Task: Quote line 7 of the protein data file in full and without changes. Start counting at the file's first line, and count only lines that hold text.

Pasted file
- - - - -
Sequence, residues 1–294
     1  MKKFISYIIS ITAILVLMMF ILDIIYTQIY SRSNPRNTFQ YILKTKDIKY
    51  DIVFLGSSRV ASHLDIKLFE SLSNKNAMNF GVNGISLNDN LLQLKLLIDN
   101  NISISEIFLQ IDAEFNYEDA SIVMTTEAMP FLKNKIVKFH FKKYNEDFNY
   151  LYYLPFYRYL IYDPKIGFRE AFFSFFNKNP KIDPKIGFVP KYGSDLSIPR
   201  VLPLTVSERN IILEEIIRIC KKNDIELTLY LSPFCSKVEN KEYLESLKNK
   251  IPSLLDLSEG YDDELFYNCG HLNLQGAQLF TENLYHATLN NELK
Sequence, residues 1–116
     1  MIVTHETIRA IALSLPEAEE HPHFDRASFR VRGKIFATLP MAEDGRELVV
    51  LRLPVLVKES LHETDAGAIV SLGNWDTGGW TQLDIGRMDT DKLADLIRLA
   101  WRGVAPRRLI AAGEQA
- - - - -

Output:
   251  IPSLLDLSEG YDDELFYNCG HLNLQGAQLF TENLYHATLN NELK